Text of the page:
Once we are OK with the concept of multiple addresses, and them being deprecated we can probably guess what the valid_lft and preferred_lft values do. We notice that for deprecated addresses the preferred_lft seems to always be zero.Which seems reasonable and logical (i.e. it’s got no “preferred lifetime” left – it’s deprecated – please do not use). And the valid lifetime value? We think a bit and conclude that while the addresses is deprecated and “not preferred” it must stay valid for any existing connection which use it. And hence has non-zero valid lifetime value. All seems good.
But hang on, there’s something worrying me
Yeah, well, I mentioned it above in passing… Those timer values. The values seems to tick down nicely for a while, as you’d expect, and then increase again for no apparent reason! Oh, and while we’re worrying about stuff, you could also worry about accumulating a vast number of temporary addresses on the interface. If the system stays up for a year will we have hundreds of them configured on the interface…?
Here’s the quick version, then below I’ll go into some nitty grity details for those who want it. The quick version:
- there’s a limit to how many temporary addresses can be created. Probably about 16 (depends on the system). After that the oldest get removed (if not before)
- the increasing (and more intuitive deceasing) timers: when required, they eventually do decrease to zero over the longer term. Basically, they are meant to do what you are seeing. Don’t sweat it.
As ever with such issues, the best source of information are the relevant RFCs. While of course there are dozens which cover different elements of IPv6, the one which most concerns us here is RFC 4941 (note that this RFC supercedes RFC 3041 – and the changes are very pertinent to us here)
RFC 4941 is emminently readable and I suggest doing just that. (BTW I particularly recommend reading section 3.6 Deployment Considerations… Points out that using Temporary Addresses is not always a very good idea at all!) The part of most interest to the “changing timers” is section 3.3. It’s well described in a comment inside the Linux kernel source:
RFC 4941 section 3.3:
If a received option will extend the lifetime of a public address, the lifetimes of temporary addresses should be extended, subject to the overall constraint that no temporary addresses should ever remain “valid” or “preferred” for a time longer than (TEMP_VALID_LIFETIME) or (TEMP_PREFERRED_LIFETIME – DESYNC_FACTOR), respectively.
The only point which may need clarification there is where it mentions “a received option”. Here it is referring to the periodic router advertisements which the system may receive from e.g. radvd onthe gateway router/server device.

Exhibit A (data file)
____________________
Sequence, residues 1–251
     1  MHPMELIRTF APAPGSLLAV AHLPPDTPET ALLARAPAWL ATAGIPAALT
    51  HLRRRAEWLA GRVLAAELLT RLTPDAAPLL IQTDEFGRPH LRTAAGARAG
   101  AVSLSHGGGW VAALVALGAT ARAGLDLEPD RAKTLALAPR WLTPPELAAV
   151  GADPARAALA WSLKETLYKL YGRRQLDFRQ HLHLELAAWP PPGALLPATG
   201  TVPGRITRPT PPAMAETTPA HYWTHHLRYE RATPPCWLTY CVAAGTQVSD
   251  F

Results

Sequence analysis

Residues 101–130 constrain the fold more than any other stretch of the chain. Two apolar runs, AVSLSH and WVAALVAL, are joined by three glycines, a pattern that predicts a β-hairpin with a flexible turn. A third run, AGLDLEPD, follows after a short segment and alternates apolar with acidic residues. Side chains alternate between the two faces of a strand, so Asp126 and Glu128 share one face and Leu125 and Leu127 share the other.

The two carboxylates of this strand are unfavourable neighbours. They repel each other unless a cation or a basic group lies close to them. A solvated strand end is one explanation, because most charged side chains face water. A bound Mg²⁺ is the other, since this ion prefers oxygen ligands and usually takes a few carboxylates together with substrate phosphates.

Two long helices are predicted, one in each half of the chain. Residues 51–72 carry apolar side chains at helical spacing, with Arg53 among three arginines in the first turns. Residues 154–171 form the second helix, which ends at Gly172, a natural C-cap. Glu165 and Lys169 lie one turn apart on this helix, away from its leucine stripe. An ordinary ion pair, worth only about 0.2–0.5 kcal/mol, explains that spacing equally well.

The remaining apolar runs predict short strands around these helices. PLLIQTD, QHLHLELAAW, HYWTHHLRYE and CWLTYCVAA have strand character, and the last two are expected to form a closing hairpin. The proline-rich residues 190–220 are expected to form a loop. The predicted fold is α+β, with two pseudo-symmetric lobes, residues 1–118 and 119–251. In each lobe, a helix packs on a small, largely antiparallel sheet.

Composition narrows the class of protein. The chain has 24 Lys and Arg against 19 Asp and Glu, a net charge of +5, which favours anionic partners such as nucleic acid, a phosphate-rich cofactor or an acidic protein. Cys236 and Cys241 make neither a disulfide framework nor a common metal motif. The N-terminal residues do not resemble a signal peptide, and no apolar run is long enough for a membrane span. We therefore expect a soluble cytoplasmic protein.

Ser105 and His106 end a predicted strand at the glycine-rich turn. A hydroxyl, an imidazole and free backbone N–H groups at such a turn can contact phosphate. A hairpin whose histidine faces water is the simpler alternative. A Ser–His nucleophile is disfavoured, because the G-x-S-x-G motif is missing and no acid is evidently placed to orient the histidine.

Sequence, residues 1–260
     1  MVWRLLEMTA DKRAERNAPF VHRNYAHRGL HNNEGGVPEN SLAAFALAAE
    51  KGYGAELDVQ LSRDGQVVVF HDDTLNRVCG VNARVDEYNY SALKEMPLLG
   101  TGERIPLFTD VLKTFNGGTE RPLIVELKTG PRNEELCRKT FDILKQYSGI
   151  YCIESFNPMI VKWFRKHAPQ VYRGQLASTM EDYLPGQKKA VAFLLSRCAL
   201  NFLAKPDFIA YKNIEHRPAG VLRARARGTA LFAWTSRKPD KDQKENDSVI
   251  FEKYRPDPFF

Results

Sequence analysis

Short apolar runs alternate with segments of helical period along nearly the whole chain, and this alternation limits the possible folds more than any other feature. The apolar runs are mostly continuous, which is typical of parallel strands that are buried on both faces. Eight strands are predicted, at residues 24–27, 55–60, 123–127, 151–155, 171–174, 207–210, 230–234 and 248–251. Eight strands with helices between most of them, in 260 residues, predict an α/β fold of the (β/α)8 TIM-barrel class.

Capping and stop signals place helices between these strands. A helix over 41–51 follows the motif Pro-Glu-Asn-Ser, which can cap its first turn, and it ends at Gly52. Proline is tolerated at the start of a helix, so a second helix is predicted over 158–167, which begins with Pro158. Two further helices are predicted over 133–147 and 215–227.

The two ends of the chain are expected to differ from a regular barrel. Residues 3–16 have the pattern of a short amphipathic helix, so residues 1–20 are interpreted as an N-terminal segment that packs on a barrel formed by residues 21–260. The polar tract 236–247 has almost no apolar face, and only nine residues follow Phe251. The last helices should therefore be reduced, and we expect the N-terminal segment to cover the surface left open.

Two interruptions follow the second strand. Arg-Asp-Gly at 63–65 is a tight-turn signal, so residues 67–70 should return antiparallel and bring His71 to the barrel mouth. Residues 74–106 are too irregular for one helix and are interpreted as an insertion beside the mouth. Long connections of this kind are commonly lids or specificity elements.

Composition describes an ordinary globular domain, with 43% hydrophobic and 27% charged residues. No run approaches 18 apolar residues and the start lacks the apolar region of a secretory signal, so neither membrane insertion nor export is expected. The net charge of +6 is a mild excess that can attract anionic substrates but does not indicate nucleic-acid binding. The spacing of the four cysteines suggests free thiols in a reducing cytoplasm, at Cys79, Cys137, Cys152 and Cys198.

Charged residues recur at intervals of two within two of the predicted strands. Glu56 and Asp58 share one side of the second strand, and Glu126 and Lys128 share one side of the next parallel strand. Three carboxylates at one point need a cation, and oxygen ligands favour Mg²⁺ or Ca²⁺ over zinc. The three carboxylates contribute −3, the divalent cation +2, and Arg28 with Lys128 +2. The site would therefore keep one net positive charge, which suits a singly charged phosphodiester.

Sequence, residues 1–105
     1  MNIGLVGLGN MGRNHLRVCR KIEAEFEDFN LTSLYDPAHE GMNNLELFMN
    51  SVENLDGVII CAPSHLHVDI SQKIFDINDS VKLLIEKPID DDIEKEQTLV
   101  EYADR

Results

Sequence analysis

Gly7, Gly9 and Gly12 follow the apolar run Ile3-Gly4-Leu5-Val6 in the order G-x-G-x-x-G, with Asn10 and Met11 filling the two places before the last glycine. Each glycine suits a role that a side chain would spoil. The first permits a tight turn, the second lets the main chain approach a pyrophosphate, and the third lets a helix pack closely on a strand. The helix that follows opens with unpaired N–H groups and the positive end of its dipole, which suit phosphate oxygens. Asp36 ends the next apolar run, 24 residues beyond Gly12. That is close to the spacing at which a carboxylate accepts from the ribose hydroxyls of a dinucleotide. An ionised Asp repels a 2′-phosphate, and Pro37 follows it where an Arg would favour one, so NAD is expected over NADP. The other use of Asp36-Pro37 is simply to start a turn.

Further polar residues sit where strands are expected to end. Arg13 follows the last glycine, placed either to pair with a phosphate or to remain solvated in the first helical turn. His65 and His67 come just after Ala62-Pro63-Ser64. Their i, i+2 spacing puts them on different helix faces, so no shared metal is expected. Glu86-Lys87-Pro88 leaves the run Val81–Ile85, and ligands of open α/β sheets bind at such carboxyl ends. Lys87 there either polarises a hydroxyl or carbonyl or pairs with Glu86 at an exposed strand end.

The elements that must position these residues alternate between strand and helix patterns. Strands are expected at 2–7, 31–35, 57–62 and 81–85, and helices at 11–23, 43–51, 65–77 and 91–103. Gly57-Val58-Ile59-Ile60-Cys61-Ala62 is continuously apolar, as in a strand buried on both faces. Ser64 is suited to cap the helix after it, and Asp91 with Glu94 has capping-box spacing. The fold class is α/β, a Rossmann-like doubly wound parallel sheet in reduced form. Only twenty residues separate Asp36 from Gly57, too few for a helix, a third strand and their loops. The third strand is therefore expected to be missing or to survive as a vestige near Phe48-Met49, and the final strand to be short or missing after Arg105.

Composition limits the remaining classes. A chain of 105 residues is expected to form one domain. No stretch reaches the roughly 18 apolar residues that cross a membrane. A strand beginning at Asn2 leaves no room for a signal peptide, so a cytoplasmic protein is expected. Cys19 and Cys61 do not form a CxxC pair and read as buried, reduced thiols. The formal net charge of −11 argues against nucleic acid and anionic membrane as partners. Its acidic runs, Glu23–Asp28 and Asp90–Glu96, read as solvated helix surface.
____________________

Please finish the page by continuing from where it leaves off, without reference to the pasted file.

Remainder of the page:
Terms like desync factor are also covered in the RFC – it’s a kind of “fuzz factor” to ensure that systems do not all do address changes at the same time.
So to finish, let’s look at how we check (or, if brave/foolish) change some of these things on a Linux system.
All the good stuff is viewable and changeable via the /proc filesystem (or of course the same things via sysctl). For example:
root@fred:/proc/sys/net/ipv6/conf/eth0# ls accept_dad accept_source_route hop_limit router_probe_interval accept_ra autoconf max_addresses router_solicitation_delay accept_ra_defrtr dad_transmits max_desync_factor router_solicitation_interval accept_ra_pinfo disable_ipv6 mc_forwarding router_solicitations accept_ra_rt_info_max_plen force_mld_version mtu temp_prefered_lft accept_ra_rtr_pref force_tllao proxy_ndp temp_valid_lft accept_redirects forwarding regen_max_retry use_tempaddr
And we see such entries as:
- temp_prefered_lft (n.b. the kernel has spelling errors in it!)
The key ones of intrerest here are:
|use_tempaddr||System dependent (seems to be 2 on Ubuntu these days…)||We might expect that this is a simple on/off value to enable use of temporary addresses. Yet when we cat it on this system it has the value ‘2’.
|temp_prefered_lft||86400 (one day)||Essentially how often we want to change to a new temporary address (with a bit of variation in there…)|
|temp_valid_lft||604800 (seven days)||More or less how long to keep the “old” temporary addresses in use.|
|max_addresses||16||If set to 0 it disables any limit on the number of temporary addresses. So it is probably a bad idea to set this to zero, or to a high value.|
|regen_max_retry||5||Number of attempts to generate a temporary address before failing. Goodness knows how you would exceed this in practice. I suppose if you had a very very long prefix in use, and a lot of active devices, then the DAD (duplicate address detection) mechanism might spot a duplicate more times than this value… But lord knows you’d have to try hard to contrive such a network!|